|Bid||505.90 x 0|
|Ask||506.20 x 0|
|Day's range||494.80 - 508.30|
|52-week range||311.20 - 689.50|
|Beta (5Y monthly)||1.32|
|PE ratio (TTM)||N/A|
|Earnings date||11 Feb 2021 - 15 Feb 2021|
|Forward dividend & yield||N/A (N/A)|
|Ex-dividend date||27 Sep 2019|
|1y target est||1,065.60|
Nissan Motor Co Ltd on Tuesday said it will sell a redesigned version of its best-selling Note compact car in Japan from December featuring new hybrid drive technology, to win market share from Toyota Motor Corp and Honda Motor Co Ltd. The Note's first full model change in eight years is part of a plan by the carmaker to revamp an aging vehicle line up and return to profitability as it pulls back from the expansion pursued by former Chairman Carlos Ghosn to focus on sales in Japan, China and the United States.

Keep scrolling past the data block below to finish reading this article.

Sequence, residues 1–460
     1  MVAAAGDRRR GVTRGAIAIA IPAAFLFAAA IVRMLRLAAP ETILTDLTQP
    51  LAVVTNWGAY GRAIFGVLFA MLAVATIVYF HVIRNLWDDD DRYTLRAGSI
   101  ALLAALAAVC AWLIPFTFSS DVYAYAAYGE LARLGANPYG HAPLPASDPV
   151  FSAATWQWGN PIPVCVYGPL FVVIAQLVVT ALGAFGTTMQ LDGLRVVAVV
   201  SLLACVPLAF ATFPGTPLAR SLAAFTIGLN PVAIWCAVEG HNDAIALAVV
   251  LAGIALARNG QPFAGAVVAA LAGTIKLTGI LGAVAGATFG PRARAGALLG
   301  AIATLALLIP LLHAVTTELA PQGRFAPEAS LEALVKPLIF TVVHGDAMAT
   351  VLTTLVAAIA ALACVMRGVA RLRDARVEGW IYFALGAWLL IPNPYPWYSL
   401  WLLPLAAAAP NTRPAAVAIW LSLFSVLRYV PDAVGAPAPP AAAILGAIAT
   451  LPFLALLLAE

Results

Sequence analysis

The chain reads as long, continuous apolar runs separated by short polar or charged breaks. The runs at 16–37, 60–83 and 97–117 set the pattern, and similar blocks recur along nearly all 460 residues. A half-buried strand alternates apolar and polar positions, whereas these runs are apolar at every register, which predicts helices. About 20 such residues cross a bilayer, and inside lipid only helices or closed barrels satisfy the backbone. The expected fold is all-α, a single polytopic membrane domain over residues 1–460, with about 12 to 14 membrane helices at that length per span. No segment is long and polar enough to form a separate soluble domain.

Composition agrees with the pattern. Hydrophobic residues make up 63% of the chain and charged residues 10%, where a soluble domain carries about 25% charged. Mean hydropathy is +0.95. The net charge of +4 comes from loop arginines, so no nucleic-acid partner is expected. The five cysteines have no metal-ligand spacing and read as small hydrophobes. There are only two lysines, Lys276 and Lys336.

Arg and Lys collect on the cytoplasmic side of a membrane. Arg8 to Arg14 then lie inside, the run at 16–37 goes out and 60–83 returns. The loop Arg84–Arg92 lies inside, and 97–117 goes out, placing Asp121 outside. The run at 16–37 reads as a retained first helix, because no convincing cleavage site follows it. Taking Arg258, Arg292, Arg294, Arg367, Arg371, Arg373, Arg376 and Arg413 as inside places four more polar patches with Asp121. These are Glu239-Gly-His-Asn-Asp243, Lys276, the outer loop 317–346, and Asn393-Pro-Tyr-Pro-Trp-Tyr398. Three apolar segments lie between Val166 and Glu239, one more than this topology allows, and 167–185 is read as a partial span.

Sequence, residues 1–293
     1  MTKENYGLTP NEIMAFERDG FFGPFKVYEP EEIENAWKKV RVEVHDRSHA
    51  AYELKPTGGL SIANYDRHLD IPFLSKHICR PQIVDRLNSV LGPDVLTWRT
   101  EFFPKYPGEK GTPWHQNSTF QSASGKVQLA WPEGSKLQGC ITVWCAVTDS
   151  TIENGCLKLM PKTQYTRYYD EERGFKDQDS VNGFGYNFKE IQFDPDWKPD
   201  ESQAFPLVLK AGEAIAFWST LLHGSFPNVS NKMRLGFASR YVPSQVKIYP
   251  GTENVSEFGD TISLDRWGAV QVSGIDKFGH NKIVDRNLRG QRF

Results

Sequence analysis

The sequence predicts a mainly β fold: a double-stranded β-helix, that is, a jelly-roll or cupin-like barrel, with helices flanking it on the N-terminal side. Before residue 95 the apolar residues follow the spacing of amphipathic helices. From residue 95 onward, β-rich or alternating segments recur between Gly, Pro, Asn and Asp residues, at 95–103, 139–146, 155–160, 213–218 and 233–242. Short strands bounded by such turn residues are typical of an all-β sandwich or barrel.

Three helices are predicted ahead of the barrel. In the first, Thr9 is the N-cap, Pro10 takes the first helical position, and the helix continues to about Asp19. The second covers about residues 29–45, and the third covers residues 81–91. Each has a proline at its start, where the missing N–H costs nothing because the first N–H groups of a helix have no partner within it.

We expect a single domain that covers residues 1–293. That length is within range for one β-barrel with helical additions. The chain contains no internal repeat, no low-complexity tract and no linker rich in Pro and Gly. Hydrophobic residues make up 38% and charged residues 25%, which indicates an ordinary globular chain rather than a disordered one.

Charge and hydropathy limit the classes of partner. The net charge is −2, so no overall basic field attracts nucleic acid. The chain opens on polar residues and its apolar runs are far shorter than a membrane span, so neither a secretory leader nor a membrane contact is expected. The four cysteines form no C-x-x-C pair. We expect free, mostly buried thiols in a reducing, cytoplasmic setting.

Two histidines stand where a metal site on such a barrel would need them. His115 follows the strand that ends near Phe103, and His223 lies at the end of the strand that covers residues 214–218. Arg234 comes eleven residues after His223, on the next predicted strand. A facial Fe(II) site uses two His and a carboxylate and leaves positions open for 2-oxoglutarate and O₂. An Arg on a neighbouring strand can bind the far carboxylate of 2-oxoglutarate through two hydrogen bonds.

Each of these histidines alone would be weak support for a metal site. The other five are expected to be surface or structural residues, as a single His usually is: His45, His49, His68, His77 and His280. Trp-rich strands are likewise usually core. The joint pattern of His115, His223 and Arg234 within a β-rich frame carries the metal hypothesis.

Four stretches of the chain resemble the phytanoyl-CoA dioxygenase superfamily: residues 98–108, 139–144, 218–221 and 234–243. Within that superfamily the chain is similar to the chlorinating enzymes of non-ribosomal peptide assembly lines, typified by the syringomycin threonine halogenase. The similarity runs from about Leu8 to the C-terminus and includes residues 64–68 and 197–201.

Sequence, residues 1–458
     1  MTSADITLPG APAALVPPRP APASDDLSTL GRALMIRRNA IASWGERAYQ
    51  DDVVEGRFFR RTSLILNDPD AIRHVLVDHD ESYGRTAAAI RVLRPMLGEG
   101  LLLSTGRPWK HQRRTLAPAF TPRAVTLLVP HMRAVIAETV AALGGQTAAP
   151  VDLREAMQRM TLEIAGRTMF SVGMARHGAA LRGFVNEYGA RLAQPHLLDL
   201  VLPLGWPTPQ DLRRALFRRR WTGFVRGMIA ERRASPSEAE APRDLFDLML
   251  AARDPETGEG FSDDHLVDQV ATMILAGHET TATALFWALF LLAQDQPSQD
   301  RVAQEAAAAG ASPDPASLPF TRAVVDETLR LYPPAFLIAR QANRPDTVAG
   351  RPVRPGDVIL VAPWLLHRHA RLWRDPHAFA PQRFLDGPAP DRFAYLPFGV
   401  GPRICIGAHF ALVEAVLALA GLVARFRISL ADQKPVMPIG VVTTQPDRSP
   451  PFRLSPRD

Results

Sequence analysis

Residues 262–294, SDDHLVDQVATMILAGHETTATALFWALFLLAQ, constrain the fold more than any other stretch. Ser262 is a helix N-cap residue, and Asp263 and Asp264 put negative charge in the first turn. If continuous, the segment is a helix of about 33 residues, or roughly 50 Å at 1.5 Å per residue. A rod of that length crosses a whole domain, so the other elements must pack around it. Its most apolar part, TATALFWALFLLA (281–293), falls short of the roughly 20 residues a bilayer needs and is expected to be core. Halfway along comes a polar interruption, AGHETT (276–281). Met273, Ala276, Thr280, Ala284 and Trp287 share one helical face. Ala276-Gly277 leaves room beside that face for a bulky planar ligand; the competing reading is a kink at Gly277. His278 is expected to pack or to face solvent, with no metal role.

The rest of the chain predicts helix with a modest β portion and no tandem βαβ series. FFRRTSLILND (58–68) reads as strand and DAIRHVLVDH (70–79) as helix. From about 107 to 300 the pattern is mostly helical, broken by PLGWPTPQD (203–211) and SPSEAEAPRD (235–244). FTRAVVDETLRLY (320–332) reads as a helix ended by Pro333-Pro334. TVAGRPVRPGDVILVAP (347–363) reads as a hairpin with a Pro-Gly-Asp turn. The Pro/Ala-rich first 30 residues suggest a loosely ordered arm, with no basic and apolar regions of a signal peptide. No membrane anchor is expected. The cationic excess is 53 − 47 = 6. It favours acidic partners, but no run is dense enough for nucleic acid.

While Japan has been rather slow in embracing the EV revolution than other nations including China, America and Europe, let's see how Honda (HMC), Toyota (TM) and Nissan (NSANY) are faring in the EV space.
Any final exit by Britain from the European Union that worsens business conditions through increased tariffs would threaten the sustainability of Nissan Motor Co's UK operations, the Japanese car maker's chief operating officer cautioned. Nissan, which employs 7,000 people at Britain's biggest auto plant in the northeastern city of Sunderland called in June for an "orderly balanced Brexit". "If it happens without any sustainable business case, obviously it is not a question of Sunderland or not Sunderland, obviously our UK business will not be sustainable, that's it," Ashwani Gupta, Nissan's chief operating officer (COO), told Reuters on Wednesday.